5. Weigh wet ingred. Weigh Kettle      
6. Blend*** Kettle      
7. Heat Kettle = Low temp. 195
8. Transport Pump = Sanitation 190
9. Delay Surge tank = Low temp. 190
10. Filler bowel level Valve = Sanitation 190
control        
11. Separation Pipe filter = Sanitation 190
12. Can fill Filler = Low temp. 190
13. Lid coding Coder      
14. Seam Double seamer + (Poor seams) 190
15. Lid sterilisation Can inverter =   190
16. Hold delay Conveyor =   190
17. Can cooling Cooling tunnel =   90
18. Drying Can dryer + Insufficient heat, leaks  

Source: D.F. Farkas (1991)
** "Potential for microbial growth if out of control"
*** pH of the product is 3.8

Figure 10.3.1 Canned juice drink- Inventory of process steps for ingredients, packages and process conditions to provide a basis for Hazard Analysis (HACC)

10.3.4 Food processes in general

The above figures show typical product preparation sequences for a thermally preserved and a refrigerated products. It is important to know the following information to determine the microbial safety of a product and to determine what quality control actions will be needed to achieve a safe product when used under the conditions for which it was designed.

First, all raw material, ingredients and packaging materials in contact with the food must be specified and if needed tested to meet specifications.

Second, it is important that an element of food be observed as it enters, passes through and leaves the process. This "ride" on a particle of the food should provide the following data at each process step from entry to discharge:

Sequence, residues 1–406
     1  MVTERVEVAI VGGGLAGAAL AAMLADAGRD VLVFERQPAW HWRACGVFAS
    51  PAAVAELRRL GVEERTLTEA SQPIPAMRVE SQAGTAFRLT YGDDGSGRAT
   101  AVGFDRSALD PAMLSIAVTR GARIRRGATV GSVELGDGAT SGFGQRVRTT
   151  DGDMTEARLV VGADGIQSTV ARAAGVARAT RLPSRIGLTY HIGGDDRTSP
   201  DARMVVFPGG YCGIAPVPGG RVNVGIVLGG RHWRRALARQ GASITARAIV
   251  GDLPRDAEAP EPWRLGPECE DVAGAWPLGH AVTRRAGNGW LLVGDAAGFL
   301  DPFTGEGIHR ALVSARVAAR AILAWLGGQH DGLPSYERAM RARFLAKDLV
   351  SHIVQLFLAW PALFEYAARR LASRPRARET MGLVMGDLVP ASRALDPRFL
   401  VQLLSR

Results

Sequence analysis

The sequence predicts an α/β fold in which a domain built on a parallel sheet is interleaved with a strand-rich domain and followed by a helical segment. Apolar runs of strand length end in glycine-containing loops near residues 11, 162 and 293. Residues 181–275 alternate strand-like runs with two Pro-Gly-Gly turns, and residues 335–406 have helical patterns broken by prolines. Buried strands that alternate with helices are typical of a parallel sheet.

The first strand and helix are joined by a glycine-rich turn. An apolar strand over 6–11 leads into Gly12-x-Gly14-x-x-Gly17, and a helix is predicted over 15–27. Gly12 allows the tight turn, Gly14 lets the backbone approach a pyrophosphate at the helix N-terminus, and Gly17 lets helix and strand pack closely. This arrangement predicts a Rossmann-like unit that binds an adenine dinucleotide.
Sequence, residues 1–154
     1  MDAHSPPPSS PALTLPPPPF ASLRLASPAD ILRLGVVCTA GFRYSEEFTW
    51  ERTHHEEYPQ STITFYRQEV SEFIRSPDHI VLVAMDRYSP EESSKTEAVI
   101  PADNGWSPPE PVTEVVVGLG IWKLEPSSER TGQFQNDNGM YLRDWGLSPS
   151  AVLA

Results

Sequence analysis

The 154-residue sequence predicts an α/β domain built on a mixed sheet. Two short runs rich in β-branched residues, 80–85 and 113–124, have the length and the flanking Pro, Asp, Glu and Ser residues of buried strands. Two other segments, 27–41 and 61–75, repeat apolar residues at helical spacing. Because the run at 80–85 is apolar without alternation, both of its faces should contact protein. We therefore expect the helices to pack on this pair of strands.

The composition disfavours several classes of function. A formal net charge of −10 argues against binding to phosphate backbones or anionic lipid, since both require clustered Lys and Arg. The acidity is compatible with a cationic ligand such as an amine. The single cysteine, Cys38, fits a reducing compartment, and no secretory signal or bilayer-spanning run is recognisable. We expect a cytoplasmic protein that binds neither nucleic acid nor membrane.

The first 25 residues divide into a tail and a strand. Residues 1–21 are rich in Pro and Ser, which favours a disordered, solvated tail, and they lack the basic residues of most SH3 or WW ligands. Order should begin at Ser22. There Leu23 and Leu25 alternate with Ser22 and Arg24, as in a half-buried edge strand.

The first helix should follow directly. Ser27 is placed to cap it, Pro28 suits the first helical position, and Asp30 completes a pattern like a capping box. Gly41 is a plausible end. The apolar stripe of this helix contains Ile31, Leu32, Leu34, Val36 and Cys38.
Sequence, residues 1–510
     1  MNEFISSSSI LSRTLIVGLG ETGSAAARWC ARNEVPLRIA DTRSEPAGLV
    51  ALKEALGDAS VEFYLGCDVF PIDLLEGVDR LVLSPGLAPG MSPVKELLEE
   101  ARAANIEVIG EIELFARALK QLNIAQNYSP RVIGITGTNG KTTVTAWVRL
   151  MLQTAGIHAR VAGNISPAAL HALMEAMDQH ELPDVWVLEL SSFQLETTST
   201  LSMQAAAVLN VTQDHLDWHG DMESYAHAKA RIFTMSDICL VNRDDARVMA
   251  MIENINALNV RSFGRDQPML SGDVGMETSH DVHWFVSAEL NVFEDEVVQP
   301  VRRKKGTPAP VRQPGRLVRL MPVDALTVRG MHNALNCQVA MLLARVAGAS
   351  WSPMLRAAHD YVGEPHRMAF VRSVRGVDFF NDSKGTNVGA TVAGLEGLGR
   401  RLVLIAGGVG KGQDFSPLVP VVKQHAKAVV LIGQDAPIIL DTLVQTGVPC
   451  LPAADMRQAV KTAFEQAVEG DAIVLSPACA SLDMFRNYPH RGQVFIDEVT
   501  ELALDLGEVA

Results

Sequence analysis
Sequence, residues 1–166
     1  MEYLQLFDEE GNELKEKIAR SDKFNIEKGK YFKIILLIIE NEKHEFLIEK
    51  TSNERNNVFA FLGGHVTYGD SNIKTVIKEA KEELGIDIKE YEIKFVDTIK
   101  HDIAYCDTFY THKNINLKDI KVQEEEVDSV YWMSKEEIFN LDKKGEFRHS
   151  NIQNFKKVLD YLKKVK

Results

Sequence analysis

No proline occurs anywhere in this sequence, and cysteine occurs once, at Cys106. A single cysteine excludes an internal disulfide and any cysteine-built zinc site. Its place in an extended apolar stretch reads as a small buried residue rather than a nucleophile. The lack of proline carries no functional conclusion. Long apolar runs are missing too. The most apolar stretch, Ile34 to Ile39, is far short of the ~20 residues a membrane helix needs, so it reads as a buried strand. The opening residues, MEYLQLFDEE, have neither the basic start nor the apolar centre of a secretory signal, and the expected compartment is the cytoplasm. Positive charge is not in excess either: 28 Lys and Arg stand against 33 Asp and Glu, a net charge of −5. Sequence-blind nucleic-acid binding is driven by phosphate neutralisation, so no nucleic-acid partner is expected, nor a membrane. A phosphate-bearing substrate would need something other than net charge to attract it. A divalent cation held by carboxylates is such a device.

Further if preservatives are required to prevent microbial growth, their addition point and concentration throughout the entire food mass should be shown. Finally for products which depend on a sealed package one should check the seal integrity of each container produced.

As one rides along the food as it travels through each step it is necessary also to observe the number and types of microorganisms entering or leaving the food and if these numbers are increasing (+), decreasing (-) or remaining the same (=).

These data when reviewed for quality control procedures will help ensure a safe, reliable and cost effective process.

Figure 10.3.2 Vacuum packed refrigerated meat soup. Inventory of process steps for ingredients, packages and process conditions to provide a basis for Hazard Analysis

10.3.5 Hazard analysis and critical control points (HACCP) in food industry - steps to be considered

  1. Acquire a good knowledge of the product flow-sheet, from raw and pack material suppliers to consumers.
  2. Assess each step and establish associated potential risk for:
  1. Plot a complete product flow-sheet and establish the Critical Control Points (CCP).
  2. Associate with each CCP an action in order to eliminate risks and prepare an action plan.
  3. Implement the agreed actions and keep records of results.
  4. Evaluate the results of actions vs. risks and prepare an on-going working plan.
  5. Decide on a permanent monitoring of CCP.

TABLE 10.3.1 Simple process description for hazard analysis